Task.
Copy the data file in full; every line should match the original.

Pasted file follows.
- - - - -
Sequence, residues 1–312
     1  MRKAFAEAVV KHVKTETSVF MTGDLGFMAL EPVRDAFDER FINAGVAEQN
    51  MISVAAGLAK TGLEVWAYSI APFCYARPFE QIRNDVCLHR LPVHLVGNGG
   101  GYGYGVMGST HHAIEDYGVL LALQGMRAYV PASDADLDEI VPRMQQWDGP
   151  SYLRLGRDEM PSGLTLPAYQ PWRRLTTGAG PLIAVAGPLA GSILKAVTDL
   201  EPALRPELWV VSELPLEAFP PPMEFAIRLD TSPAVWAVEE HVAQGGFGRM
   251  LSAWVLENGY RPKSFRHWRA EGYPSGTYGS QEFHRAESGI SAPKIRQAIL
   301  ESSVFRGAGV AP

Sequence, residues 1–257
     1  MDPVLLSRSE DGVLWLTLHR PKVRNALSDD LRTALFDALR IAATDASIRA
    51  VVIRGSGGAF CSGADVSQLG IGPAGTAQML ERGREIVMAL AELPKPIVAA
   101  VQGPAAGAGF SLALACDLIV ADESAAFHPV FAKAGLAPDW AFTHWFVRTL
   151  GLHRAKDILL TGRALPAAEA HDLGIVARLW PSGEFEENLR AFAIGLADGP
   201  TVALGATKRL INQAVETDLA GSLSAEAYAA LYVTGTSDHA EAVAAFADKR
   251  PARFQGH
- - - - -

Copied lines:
Sequence, residues 1–312
     1  MRKAFAEAVV KHVKTETSVF MTGDLGFMAL EPVRDAFDER FINAGVAEQN
    51  MISVAAGLAK TGLEVWAYSI APFCYARPFE QIRNDVCLHR LPVHLVGNGG
   101  GYGYGVMGST HHAIEDYGVL LALQGMRAYV PASDADLDEI VPRMQQWDGP
   151  SYLRLGRDEM PSGLTLPAYQ PWRRLTTGAG PLIAVAGPLA GSILKAVTDL
   201  EPALRPELWV VSELPLEAFP PPMEFAIRLD TSPAVWAVEE HVAQGGFGRM
   251  LSAWVLENGY RPKSFRHWRA EGYPSGTYGS QEFHRAESGI SAPKIRQAIL
   301  ESSVFRGAGV AP

Sequence, residues 1–257
     1  MDPVLLSRSE DGVLWLTLHR PKVRNALSDD LRTALFDALR IAATDASIRA
    51  VVIRGSGGAF CSGADVSQLG IGPAGTAQML ERGREIVMAL AELPKPIVAA
   101  VQGPAAGAGF SLALACDLIV ADESAAFHPV FAKAGLAPDW AFTHWFVRTL
   151  GLHRAKDILL TGRALPAAEA HDLGIVARLW PSGEFEENLR AFAIGLADGP
   201  TVALGATKRL INQAVETDLA GSLSAEAYAA LYVTGTSDHA EAVAAFADKR
   251  PARFQGH